The first experimental GG-1, “Old Rivets,” #4800, was so successful Pennsy allowed industrial-designer Raymond Loewy (“LOW-eee”) to marginally improve the locomotive’s styling.
He didn’t do much, but dickered it into one of the BEST-looking railroad locomotives of all time. His greatest contribution was to get staid Pennsy to ditch the riveted body-shell for a welded shell.
This looked much better, and was easier to maintain.
|4896. (Photo by BobbaLew.)|
This is the only picture of 4896 I have; although I saw it many times.
4896 has been scrapped.
GG-1s can’t be restored to operation. They had transformers filled with cancerous PCB-based fluid. The transformer downrated the 11,000-volt current obtained from the overhead wire.
Quite a few GG-1s are still around, but the transformer casings were drained and filled with concrete or sand.
This is more like it. (Photo by Brad Brenneman.)
—The June 2016 entry of my Norfolk Southern Employees’ Photography-Contest calendar is a westbound freight over the Little Juniata (“june-eee-AT-uh”) River on Pennsy’s original main line.
The photo is by Brad Brenneman, and is near Spruce Creek, PA, not far from Tyrone (“tie-ROWN;” as in “own”), where the old Pennsy turned south toward Altoona before attacking Allegheny Mountain.
Last month was dreadful, a train lost in shrubbery.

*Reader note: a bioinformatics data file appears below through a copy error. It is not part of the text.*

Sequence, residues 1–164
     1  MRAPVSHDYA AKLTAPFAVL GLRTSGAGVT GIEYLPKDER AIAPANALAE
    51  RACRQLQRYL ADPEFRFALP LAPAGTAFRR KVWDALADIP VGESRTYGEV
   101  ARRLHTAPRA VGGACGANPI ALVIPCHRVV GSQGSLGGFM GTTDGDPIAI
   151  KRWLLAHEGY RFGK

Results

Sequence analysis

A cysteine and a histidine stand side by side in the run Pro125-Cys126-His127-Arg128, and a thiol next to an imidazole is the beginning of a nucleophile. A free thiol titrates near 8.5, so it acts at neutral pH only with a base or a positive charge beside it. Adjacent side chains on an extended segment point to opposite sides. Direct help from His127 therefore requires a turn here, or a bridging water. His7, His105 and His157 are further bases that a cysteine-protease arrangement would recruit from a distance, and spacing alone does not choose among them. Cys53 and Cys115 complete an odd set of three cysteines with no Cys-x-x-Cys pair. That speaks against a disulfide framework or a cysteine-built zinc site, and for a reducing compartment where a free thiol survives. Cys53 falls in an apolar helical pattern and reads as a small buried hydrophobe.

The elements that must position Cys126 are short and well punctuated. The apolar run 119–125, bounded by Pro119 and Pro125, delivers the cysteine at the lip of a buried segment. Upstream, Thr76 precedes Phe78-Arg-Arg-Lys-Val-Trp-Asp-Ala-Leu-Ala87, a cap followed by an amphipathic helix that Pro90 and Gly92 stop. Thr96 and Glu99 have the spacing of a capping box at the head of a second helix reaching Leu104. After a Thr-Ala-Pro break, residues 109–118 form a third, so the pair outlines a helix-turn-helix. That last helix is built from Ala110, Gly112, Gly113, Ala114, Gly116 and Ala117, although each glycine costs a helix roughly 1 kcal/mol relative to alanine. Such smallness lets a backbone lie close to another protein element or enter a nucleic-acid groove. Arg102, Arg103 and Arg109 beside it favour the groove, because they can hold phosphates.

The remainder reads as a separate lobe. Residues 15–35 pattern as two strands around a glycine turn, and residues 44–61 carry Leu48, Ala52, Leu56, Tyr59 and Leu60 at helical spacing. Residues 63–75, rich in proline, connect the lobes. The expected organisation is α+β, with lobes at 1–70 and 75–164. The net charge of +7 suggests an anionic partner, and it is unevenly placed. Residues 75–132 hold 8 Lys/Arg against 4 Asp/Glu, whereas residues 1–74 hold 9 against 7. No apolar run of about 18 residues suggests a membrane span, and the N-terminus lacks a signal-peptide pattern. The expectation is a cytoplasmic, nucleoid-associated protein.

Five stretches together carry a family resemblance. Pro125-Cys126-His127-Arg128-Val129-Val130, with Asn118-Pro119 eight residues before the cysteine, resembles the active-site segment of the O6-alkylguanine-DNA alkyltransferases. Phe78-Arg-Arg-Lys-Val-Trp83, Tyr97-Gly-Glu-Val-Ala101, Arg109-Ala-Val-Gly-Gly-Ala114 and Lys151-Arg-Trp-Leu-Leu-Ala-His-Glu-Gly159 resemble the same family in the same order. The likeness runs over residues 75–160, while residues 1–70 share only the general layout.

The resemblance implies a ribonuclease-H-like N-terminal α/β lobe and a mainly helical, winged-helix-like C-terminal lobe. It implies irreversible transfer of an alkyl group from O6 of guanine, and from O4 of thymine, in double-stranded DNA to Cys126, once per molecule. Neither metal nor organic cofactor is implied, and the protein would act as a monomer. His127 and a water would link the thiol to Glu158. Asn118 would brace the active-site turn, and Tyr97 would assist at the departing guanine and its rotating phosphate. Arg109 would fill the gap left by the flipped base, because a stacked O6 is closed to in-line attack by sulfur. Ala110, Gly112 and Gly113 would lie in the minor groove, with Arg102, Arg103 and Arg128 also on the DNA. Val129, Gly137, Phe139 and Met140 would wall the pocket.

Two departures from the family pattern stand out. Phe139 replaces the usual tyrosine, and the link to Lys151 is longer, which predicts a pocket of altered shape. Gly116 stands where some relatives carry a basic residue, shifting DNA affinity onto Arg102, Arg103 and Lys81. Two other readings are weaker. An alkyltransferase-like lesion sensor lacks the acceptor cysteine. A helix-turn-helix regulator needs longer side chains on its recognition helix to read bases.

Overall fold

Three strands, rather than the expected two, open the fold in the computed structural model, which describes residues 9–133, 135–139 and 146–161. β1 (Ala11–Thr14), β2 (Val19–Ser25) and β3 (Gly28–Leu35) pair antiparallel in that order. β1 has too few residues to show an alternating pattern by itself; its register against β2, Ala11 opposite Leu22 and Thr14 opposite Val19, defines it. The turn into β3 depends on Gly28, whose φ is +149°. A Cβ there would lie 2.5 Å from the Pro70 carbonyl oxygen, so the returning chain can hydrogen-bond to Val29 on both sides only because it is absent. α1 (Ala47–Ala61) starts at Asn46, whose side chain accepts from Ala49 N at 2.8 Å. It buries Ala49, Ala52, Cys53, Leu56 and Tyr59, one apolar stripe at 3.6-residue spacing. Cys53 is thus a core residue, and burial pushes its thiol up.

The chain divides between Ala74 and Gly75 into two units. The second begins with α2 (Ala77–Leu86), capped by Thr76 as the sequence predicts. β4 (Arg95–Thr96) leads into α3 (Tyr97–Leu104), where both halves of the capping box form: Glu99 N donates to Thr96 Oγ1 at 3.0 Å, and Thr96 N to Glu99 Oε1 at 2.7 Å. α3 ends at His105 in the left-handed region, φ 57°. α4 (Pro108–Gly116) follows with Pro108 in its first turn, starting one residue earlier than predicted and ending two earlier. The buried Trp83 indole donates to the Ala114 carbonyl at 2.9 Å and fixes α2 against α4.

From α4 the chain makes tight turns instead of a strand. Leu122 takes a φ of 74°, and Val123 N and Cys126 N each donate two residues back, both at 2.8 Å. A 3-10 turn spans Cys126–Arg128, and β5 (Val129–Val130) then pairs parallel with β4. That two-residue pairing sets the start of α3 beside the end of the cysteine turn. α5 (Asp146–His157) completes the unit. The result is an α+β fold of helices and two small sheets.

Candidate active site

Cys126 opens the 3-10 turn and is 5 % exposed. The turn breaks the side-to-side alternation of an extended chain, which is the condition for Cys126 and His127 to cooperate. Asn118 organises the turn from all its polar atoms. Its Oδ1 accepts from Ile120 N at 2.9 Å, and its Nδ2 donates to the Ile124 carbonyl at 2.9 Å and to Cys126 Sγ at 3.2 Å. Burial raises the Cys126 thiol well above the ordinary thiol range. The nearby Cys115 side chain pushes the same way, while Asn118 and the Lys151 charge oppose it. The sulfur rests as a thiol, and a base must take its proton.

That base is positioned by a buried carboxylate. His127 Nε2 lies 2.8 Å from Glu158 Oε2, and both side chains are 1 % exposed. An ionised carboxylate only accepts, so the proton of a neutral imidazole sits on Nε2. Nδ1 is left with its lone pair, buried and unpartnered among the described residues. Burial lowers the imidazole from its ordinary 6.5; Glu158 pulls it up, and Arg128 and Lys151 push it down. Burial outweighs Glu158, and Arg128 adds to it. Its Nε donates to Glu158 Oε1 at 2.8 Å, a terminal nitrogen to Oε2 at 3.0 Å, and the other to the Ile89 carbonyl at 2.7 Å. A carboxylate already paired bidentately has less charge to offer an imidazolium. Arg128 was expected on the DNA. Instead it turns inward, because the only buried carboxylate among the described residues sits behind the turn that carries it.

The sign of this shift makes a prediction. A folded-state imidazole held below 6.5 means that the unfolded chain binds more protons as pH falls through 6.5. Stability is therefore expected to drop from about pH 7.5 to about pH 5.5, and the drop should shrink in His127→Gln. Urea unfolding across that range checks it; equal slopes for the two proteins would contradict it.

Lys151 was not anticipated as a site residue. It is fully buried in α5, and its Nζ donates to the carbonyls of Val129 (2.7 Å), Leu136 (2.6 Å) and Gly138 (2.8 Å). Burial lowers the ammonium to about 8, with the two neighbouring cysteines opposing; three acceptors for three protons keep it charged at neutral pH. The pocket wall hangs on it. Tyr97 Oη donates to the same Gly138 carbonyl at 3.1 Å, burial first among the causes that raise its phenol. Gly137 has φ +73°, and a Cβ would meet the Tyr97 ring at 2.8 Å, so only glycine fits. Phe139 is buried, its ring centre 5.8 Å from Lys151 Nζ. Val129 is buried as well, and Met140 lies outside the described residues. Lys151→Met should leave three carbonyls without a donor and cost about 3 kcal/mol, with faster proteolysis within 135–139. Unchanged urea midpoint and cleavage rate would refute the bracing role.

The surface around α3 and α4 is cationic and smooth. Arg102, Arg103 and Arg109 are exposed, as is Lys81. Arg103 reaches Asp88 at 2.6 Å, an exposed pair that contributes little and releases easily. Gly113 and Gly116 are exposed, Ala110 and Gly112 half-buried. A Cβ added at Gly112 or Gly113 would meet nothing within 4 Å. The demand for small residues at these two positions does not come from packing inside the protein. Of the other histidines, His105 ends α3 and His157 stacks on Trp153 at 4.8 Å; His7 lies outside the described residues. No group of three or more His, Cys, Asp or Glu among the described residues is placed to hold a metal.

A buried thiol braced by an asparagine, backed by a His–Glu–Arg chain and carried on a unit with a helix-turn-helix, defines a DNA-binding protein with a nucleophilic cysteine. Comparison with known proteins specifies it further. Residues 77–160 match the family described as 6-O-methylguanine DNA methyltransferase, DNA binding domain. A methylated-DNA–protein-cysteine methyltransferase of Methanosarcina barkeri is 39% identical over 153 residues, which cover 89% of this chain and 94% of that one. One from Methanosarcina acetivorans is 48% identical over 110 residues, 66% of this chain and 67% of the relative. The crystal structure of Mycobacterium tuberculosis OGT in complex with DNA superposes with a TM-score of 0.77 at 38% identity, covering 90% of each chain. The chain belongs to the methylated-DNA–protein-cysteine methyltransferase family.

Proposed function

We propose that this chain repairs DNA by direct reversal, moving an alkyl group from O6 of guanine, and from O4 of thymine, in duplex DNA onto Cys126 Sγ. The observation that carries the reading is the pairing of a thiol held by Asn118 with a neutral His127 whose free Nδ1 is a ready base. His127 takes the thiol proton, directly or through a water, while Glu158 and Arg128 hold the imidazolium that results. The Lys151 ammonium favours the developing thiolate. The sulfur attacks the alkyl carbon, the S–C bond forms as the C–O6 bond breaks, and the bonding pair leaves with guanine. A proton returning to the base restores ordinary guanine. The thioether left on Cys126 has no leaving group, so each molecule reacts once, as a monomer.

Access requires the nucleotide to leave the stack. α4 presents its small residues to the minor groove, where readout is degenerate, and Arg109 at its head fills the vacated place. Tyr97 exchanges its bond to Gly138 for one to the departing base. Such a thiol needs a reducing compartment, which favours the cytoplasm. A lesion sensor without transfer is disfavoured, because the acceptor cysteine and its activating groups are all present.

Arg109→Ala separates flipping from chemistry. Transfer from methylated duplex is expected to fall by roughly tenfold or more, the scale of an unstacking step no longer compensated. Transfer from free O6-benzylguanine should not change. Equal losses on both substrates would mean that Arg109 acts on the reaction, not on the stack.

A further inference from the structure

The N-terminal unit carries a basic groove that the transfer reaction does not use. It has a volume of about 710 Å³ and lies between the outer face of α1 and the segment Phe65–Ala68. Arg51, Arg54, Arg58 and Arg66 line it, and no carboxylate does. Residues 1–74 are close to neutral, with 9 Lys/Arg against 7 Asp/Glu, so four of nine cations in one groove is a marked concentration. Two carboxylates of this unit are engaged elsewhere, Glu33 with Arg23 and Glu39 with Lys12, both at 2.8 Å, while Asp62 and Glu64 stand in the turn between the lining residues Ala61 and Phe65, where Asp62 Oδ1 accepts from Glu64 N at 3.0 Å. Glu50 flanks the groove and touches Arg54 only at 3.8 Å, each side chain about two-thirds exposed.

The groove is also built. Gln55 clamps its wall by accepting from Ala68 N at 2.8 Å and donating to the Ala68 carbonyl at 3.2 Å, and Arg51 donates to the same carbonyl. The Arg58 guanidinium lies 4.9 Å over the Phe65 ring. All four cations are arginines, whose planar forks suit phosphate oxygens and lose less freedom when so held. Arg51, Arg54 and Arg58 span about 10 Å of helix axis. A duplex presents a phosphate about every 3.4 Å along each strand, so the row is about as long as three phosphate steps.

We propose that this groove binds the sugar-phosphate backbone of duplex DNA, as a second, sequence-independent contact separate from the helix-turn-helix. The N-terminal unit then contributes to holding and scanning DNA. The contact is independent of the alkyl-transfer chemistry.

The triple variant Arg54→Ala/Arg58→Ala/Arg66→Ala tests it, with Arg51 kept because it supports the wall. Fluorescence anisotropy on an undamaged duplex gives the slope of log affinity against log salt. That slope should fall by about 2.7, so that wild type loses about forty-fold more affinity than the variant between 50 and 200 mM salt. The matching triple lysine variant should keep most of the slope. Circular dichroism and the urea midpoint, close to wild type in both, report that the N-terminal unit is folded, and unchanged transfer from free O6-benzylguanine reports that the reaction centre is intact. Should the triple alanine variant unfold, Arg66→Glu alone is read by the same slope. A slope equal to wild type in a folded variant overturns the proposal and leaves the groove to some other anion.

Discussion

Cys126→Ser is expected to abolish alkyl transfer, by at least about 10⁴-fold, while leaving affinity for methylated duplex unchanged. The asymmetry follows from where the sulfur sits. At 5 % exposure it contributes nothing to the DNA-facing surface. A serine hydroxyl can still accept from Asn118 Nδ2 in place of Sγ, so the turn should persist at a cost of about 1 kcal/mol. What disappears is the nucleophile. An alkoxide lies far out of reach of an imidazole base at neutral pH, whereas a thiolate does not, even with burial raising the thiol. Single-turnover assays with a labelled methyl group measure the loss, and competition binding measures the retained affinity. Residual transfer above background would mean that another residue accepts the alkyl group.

Spruce Creek is where Pennsy had one of its few tunnels.
Instead of following the Little Juniata around a ridge, the railroad tunneled it. There were eventually two tunnels, but one has since been abandoned.
The original Pennsy followed the Juniata across PA.
Brenneman is a Quality Assurance Supervisor at Pennsy’s old Juniata Shops, now Norfolk Southern.
Pennsy became immensely successful merging feeders to its main stem in Pittsburgh. It became a major conduit of trade with the east-coast megalopolis.
The other major conduit was New York Central.
Pennsy is long gone. It merged with New York Central in 1968, to become Penn-Central, and that went bankrupt in two years.
The government stepped in forming Conrail out of the old Pennsy and Central, along with other east coast bankrupts.
Conrail was broken up and sold in 1999, with most of its ex-Central lines going to CSX, and old Pennsy lines to Norfolk Southern.
Norfolk Southern’s line across southern New York is ex-Erie.
Many of the lines to Buffalo, like Delaware, Lackawanna and Western and Lehigh Valley, are gone. Lehigh Valley’s fabulous Buffalo extension was completely torn up — some converted to a hiking trail.
Erie to Chicago is gone.